Legacy. Whether it’s Obama as he comes towards the end of his second term or Steven Gerrard as he contemplates the end of his storied — as the Americans would say — Liverpool career, people care about legacy. Usually their own; what they’ve accomplished, will leave behind, and will be remembered for. But, as we in Glasgow know very well, legacy can have a broader meaning: it can be about the improvement of health, education, employment, infrastructure, the environment, and — perhaps — even the social fabric of our city, the way we think about ourselves, our friends and our neighbours. (Read More)
Something a political party wants desperately is usually one of the key things that defines them. It’s something they have to accept if offered. And thus it can also be the deadliest of traps. (Read More)
Situated in the North East of Scotland, surrounded by spectacular forests and stunning Lochs, it provides a home to exquisite castles including the royal favourite of Balmoral. It stretches all the way to The Cairngorms National Park in the shadow of the picturesque mountains. No, this is not a tourism pitch; this is my local Westminster constituency. (Read More)
This is a golden age for Scottish politics. No, don’t close this page and go back to Twitter just yet. It really is. The referendum was an extraordinary democratic event, which engaged — and expanded — the electorate like never before, and we’re still feeling some of that being reflected in the way that the General Election is being approached. Many of the campaign groups that emerged to fight the referendum have turned their attention to this new battle, and new groups specific to the election — not least those interested in grassroots tactical voting — are starting to come to the fore. (Read More)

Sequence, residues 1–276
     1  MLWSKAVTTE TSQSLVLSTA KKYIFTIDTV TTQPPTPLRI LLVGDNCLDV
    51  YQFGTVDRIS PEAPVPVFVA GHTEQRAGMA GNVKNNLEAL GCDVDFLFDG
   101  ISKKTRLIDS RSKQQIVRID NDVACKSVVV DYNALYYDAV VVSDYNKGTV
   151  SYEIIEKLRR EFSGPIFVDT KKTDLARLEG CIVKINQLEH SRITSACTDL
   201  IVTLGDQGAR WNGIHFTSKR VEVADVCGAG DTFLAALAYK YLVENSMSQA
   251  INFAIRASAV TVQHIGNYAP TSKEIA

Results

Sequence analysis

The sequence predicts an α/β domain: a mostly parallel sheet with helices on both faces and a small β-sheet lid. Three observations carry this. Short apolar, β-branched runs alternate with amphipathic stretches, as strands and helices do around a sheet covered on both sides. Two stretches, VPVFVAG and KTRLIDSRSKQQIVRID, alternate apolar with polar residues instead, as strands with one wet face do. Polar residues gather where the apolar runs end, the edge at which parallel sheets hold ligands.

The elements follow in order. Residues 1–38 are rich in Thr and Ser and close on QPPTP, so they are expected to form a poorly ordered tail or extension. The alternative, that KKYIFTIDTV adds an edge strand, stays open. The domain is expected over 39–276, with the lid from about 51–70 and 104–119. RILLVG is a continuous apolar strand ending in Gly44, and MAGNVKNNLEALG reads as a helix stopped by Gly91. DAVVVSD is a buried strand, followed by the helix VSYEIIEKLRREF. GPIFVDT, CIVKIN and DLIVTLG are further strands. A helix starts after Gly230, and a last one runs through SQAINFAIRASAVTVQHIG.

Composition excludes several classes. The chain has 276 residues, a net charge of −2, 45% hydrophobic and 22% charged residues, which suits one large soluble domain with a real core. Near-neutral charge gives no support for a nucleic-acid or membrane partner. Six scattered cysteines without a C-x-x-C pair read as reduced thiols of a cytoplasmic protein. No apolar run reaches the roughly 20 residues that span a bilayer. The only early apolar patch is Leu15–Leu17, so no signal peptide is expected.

I find myself in a curious position. I make no secret that I run this site from Spain. I moved her in September and in all likelihood will stay for a number of years if the opportunity continues. I have professional commitments but spend every moment of my free time concentrating on Darrow, which, as you’ll have noticed, has a soft spot for the politics of home. (Read More)
Nicola Sturgeon makes no secret to having been schooled by Alex Salmond. Watch the 1995 ‘Great Debate’ between Salmond and George Robertson and it’s Sturgeon sitting in the front row. Elected in 1999, Salmond’s tenure as SNP leader and later First Minister has been all encompassing of her time in the high ranks of the party and government. She was bound to pick up a habit or too.